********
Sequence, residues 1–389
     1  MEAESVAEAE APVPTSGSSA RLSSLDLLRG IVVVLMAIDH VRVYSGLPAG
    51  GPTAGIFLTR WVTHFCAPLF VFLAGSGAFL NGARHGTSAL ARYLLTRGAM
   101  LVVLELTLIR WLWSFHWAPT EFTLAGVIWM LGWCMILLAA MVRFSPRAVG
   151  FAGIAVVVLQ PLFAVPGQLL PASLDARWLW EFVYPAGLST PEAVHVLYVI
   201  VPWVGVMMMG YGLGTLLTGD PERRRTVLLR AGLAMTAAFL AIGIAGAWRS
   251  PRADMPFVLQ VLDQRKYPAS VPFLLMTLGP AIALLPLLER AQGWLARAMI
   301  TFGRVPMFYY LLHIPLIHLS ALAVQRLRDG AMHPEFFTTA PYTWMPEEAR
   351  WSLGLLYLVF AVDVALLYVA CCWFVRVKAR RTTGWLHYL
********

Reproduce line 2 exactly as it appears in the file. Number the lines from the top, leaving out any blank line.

     1  MEAESVAEAE APVPTSGSSA RLSSLDLLRG IVVVLMAIDH VRVYSGLPAG